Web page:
aspects of Galatians, Thessalonians and Corinthians applicable today
Paul’s Epistles to the
deal with numerous specific issues underpinning Christian living, many of which
are applicable today. These include the following:
Paul says that through faith in
Christ we are all one5
and, without distinction, receive the promises given to Abraham6.
This is set against the background that the Galatians, mainly Gentile converts,
were turning to a different Gospel7,
wanting to be under the law8,
were no longer obeying the truth9
and were turning back to weak principles10.
To them, Paul’s message that
Christ’s redemption means all might receive the same blessing as Abraham, that
Gentiles can receive the promise of the spirit through faith11,
must have been uplifting. Emphasising that the different gospel the Galatians
were turning to is no gospel at all12,
Paul affirms that the true Gospel offers grace and peace and is centred on Jesus
In Corinthians particularly30,
Paul lists the various situations and types of suffering he has endured31.
Indeed, suffering is one of the main themes of 2 Corinthians. He appears to
write frankly not to seek sympathy or even empathy but to allow him to expound
the comfort, good and reward which comes from suffering.
Those in present distress can
gain tangible strength from knowing that, through suffering, we receive God’s
comfort and, importantly, can pass that comfort on to others35.
Additional positive results of suffering we can apply today are Paul’s
assertions that power comes from God not ourselves36
and not to lose heart because, as he clearly explains37,
present suffering brings future reward38.
Of all Paul’s writings,
perhaps his teachings on sex are some of the most applicable in today’s
society where permissiveness, promiscuity, pre-marital intercourse and
post-marital infidelity are so rife.
However, it is in Paul’s
Epistles to the Corinthians that he deals with specific issues, primarily as a
result of questions addressed to him40.
Paul’s reaction to an act of incest41
is not only against the act but, importantly, against the Corinthian’s blazé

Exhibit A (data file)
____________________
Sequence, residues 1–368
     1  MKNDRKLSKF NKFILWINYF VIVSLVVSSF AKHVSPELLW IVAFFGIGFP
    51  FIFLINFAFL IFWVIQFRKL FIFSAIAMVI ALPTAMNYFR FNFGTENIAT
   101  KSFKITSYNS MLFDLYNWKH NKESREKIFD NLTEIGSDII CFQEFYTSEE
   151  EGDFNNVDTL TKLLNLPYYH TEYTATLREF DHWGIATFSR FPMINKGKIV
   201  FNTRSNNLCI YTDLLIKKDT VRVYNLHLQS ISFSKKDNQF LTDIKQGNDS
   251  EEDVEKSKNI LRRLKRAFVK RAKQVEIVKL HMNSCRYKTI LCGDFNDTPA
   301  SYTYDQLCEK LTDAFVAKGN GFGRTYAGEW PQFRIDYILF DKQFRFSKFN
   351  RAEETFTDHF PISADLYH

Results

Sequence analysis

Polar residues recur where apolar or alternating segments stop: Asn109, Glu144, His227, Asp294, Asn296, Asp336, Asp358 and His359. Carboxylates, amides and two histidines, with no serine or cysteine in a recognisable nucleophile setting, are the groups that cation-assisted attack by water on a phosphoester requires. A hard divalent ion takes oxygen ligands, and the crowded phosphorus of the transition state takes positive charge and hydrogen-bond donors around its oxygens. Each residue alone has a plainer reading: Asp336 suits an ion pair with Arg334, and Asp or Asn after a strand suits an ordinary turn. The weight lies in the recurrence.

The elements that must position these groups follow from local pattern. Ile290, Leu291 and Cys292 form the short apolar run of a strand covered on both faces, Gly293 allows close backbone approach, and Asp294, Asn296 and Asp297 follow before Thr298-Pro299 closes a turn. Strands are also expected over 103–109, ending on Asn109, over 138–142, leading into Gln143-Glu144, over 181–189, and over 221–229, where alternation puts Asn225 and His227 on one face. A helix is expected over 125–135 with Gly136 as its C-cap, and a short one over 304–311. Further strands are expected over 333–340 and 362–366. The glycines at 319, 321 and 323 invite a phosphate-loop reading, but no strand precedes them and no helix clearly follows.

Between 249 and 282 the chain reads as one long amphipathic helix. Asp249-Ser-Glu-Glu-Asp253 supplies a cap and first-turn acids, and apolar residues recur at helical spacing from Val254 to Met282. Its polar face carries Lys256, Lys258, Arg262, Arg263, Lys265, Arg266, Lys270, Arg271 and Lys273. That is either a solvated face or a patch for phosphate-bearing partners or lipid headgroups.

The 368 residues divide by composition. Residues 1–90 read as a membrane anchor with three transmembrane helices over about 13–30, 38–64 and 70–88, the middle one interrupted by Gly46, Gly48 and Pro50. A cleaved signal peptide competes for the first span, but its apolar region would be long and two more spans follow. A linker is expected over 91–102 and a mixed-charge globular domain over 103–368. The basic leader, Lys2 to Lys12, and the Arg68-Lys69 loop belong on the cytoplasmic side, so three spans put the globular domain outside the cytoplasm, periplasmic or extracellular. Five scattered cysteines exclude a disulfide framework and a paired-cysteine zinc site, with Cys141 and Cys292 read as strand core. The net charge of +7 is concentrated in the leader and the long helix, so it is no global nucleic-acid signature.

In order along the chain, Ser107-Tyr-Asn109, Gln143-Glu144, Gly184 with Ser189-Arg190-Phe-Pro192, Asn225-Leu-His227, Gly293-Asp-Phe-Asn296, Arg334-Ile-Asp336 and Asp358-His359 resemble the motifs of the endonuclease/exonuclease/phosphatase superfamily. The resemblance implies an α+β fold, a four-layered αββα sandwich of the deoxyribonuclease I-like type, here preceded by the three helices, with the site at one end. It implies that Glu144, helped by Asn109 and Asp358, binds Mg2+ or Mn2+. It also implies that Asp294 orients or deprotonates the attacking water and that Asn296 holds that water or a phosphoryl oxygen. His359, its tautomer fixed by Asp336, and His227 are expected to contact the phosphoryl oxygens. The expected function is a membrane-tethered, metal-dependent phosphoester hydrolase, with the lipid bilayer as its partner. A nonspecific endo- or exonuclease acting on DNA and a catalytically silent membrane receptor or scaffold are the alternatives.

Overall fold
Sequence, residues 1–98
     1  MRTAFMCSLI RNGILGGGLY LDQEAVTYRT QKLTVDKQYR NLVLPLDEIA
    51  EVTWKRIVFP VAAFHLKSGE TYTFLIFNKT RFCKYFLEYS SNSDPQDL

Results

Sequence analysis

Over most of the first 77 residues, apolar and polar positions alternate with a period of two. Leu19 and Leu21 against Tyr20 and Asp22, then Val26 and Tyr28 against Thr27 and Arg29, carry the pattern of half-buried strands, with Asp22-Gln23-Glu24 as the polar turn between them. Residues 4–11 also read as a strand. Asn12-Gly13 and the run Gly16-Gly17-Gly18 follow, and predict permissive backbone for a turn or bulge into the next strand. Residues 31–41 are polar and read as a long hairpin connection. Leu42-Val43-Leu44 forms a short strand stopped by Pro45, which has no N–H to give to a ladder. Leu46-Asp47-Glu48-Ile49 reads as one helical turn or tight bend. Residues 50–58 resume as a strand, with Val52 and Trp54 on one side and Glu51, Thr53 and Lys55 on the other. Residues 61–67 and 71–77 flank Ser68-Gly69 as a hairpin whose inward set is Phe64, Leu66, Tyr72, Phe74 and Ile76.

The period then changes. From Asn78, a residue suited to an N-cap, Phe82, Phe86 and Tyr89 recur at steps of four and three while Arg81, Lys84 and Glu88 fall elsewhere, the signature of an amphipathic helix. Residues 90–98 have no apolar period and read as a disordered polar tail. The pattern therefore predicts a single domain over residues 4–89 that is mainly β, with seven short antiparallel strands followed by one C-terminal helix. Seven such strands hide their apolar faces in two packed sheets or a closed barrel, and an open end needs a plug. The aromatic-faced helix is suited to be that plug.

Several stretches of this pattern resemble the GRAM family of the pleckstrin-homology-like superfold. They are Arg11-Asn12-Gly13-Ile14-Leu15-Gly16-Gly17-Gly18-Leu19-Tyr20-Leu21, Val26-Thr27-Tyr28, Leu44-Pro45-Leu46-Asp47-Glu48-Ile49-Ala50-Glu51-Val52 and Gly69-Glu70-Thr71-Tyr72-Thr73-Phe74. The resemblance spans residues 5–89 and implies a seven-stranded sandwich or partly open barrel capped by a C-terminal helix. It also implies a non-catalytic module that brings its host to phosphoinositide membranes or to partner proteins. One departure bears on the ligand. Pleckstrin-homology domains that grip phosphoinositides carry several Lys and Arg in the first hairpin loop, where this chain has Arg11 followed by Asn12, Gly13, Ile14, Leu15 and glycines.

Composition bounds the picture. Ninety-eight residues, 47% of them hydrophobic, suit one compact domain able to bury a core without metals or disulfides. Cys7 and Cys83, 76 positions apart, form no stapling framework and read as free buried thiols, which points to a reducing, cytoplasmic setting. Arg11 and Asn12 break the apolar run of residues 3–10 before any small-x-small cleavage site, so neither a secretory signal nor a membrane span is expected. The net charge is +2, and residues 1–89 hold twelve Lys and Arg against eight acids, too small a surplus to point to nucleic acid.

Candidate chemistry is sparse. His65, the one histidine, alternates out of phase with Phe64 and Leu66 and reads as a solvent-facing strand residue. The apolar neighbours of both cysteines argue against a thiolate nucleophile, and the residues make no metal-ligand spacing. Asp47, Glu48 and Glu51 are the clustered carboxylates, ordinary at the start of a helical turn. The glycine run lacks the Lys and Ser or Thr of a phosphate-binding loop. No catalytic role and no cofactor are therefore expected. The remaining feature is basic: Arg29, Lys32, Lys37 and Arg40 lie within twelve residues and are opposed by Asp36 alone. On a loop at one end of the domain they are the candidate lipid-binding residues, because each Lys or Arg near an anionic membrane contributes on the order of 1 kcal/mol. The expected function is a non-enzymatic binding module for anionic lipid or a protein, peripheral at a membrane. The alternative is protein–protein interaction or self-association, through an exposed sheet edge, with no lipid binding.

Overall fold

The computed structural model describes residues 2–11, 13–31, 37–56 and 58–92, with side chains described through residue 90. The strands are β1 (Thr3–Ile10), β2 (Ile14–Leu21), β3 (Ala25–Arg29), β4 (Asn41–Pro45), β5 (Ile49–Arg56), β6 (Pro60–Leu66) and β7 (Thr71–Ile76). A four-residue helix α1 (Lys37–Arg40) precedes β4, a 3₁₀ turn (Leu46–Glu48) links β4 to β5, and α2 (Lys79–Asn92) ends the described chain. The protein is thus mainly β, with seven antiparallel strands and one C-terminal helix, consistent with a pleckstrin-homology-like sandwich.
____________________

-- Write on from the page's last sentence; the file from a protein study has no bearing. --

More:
and arrogant, almost proud, attitude to it: they seem totally unconcerned42,
It is an attitude similar to that seen today. Paul’s solution is clear:
disciplinary action is required43,
a necessity for the good of the whole community and the individual, because the
sin of one affects the whole fellowship44.
Paul reminds the Corinthians,
many of whom formerly worshipped the goddess Aphrodite, whose temple rites
encouraged sexual immorality, that - again with a resounding reminder for today
- their bodies are bought with the price of Christ’s death and are “the
temple of the Holy Spirit”45.
Paul writes at some length
about sexual intercourse (even within marriage), marriage itself46,
abstinence and viginity47.
Lest anyone today should feel none of this is relevant, Paul makes it clear he
understands the potency of the sex drive48
and the difficulties of self control49.
He says sexual relations are normal within marriage50
and act as a safeguard against immorality51.
Although Paul states quite clearly his own feeling that it is better to be
single than married52,
he also says it is better to be married than to be burning with sexual passion53.
If Paul’s practical
guidelines in all these matters54
were practiced today, the world would undoubtedly be a healthier (in all senses)
and more wholesome place55.
Paul never set out to write a
systematic theology; each of his letters is written for particular churches
regarding the specific issues they were facing. What is striking is that so many